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MANILA, Philippines (2nd UPDATE) – The Commission on Elections (Comelec) on Tuesday, February 19, bared an offer to manipulate ballot-counting machines in a small town in Mindanao, and said authorities have arrested the suspects.
In a press conference on Tuesday, Comelec chair Sixto Brillantes Jr said the National Bureau of Investigation (NBI) caught the suspects through entrapment operations. The NBI said it conducted the entrapment on Monday evening, February 18, at Century Park Hotel in Malate, Manila.
The suspects, who introduced themselves as engineers from Smartmatic, offered to rig precinct count optical scan (PCOS) machines for P5-M. The suspects proposed this to a local candidate in Simunul, Tawi-Tawi, Brillantes said, adding the government may file estafa charges against them.
Comelec bought from Smartmatic its PCOS machines, which the poll body also used in 2010.
In a letter to Brillantes, the NBI identified the suspects as Hadji Omar Masiding y Radango and Sultan Pundatoon Bagul, both from Lanao del Sur. The NBI accused them of estafa and usurpation of authority.
The complainant was Abdulsalam Hadji Harun, a mayoralty candidate of Simunul, Tawi-Tawi, incidentally the origin of the Filipinos who recently went to Sabah to assert a territorial claim.
“It was disclosed that subjects Masiding and Bagul represented that they worked with Smartmatic as engineer and hence, had the power and capability to manipulate election results in his favor in consideration of P5,000,000,” said NBI director Nonnatus Caesar Rojas in theletter.
“Thereafter, Masiding and Bagul demanded an initial payment of P100,000 purportedly to encode his name in the precinct count optical scan machines,” Rojas said.
The NBI arrested both Masiding and Bagul after receiving marked money from Harun.
But Brillantes said: "They cannot do anything, because first of all, the PCOS cannot be manipulated." He said the Comelec bared this information to deter similar offers to rig PCOS machines.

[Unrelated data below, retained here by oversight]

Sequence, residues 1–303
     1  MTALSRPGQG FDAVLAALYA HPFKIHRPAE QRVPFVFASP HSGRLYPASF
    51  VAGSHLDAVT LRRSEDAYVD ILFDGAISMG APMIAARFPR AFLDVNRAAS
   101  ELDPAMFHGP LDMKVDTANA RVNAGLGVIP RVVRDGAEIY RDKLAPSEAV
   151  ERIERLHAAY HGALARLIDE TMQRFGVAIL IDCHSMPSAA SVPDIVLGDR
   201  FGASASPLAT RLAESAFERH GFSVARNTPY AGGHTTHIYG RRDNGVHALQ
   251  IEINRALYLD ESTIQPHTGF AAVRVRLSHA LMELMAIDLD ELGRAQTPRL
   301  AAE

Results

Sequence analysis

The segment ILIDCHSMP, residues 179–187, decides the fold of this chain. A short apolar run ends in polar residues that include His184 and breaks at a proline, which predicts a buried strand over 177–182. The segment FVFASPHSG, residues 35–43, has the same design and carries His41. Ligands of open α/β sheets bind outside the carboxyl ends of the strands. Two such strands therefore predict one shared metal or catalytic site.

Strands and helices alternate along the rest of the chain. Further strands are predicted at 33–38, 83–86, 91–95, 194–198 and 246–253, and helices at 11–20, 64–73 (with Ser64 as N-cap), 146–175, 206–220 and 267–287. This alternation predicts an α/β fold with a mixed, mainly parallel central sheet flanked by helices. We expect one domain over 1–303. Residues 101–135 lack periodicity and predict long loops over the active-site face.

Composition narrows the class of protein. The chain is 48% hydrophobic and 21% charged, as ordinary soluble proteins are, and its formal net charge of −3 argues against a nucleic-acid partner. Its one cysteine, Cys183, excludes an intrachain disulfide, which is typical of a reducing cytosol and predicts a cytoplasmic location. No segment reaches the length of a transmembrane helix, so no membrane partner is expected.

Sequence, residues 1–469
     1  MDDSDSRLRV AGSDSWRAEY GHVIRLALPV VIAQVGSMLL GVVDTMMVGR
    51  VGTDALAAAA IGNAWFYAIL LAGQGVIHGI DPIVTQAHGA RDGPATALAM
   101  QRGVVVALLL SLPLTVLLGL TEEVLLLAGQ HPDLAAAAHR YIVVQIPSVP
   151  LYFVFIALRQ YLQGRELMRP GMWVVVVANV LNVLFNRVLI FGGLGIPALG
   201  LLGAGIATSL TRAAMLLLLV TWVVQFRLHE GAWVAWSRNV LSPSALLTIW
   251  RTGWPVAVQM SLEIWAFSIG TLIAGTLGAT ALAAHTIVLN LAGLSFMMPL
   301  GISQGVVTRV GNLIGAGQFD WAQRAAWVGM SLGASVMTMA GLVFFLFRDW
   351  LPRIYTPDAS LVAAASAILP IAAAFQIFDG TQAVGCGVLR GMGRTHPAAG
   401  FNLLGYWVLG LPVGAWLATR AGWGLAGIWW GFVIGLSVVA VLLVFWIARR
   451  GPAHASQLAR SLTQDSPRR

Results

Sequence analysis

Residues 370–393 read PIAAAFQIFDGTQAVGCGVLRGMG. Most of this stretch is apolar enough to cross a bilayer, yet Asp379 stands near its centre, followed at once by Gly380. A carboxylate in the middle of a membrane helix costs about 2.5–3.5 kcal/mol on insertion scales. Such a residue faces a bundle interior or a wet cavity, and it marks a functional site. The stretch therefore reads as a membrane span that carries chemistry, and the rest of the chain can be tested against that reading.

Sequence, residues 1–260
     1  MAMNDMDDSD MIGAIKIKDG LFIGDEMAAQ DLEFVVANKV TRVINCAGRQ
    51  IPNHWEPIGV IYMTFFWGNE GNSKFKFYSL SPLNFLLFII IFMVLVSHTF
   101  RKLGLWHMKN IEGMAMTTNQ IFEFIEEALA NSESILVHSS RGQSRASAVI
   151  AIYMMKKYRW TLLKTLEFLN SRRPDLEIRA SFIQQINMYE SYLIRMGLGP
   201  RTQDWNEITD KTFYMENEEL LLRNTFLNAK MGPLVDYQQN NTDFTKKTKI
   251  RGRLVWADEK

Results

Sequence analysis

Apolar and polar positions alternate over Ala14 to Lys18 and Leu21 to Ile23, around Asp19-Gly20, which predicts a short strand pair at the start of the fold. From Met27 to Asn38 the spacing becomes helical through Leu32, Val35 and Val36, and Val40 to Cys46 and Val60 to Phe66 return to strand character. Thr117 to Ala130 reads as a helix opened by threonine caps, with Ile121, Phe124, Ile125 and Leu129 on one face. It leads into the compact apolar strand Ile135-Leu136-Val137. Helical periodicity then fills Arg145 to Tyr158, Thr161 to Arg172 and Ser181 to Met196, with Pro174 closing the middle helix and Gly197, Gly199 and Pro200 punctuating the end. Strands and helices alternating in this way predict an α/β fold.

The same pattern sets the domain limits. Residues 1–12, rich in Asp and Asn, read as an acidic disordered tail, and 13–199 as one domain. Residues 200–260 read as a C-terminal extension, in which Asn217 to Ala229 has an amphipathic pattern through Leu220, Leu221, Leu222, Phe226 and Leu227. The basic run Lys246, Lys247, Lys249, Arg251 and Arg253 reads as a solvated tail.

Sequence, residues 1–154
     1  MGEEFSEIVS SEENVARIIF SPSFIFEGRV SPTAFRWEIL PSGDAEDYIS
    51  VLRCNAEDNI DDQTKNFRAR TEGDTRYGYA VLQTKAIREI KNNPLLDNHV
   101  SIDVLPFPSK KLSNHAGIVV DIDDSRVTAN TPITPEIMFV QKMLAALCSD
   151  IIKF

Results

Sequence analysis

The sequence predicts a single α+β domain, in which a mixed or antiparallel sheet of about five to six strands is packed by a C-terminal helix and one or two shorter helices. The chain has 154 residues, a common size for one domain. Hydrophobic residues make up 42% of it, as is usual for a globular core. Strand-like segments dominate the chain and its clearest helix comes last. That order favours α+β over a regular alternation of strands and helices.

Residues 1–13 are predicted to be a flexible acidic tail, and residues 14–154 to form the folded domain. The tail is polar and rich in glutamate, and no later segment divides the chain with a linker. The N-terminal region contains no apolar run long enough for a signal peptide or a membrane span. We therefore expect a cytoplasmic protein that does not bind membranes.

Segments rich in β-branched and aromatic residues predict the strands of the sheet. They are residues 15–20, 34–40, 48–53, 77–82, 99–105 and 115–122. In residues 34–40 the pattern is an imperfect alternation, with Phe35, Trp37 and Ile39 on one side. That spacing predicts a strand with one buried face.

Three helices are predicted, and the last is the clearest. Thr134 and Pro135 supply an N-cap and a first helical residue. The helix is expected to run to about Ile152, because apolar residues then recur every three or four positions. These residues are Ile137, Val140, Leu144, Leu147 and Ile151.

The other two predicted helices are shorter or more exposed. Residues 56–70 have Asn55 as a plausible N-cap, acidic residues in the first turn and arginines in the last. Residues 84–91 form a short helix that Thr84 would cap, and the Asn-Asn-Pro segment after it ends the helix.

Brillantes explained it is possible that similar swindlers come from a syndicate. “Maybe this would minimize the number of swindlers,” he said in Filipino, adding that the poll body isn't threatened that they can rig the elections.
If they do not pose a threat, however, why deter them in the first place? (Watch more in the video below.)
Brillantes explained: “Kasi naghahanapbuhay nga eh; niloloko nga ang mga tao eh. Eh merong mga tao sa malalayong lugar, nagpupunta yan sa maliliit na munisipyo, diyan nanloloko ng mga kandidato diyan na kaya nila. Gusto n'yo bang hindi namin i-announce para continuous pa rin sila na manloko ng mga tao? Kaya nga tayo humuhuli eh.”
(Because they're making this their livelihood; they're fooling people. There are people, in faraway places, who go to these small municipalities to fool the candidates there. Do you want us not to announce this so they can still continuously fool people? That's why we're arresting them.)
Election watchdogs, however, have cast doubt over the Comelec's PCOS machines.
One of their concerns involves the source code, or set of instructions for the PCOS, which international experts have certified but which local groups cannot review. This is because of a legal dispute which, the Comelec said, will not affect the elections after all. – Rappler.com
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